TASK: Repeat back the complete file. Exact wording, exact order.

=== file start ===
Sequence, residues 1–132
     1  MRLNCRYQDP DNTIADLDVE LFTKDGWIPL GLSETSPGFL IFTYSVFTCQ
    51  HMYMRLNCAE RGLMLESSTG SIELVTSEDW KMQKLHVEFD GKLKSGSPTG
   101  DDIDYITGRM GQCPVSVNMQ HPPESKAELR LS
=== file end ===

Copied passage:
Sequence, residues 1–132
     1  MRLNCRYQDP DNTIADLDVE LFTKDGWIPL GLSETSPGFL IFTYSVFTCQ
    51  HMYMRLNCAE RGLMLESSTG SIELVTSEDW KMQKLHVEFD GKLKSGSPTG
   101  DDIDYITGRM GQCPVSVNMQ HPPESKAELR LS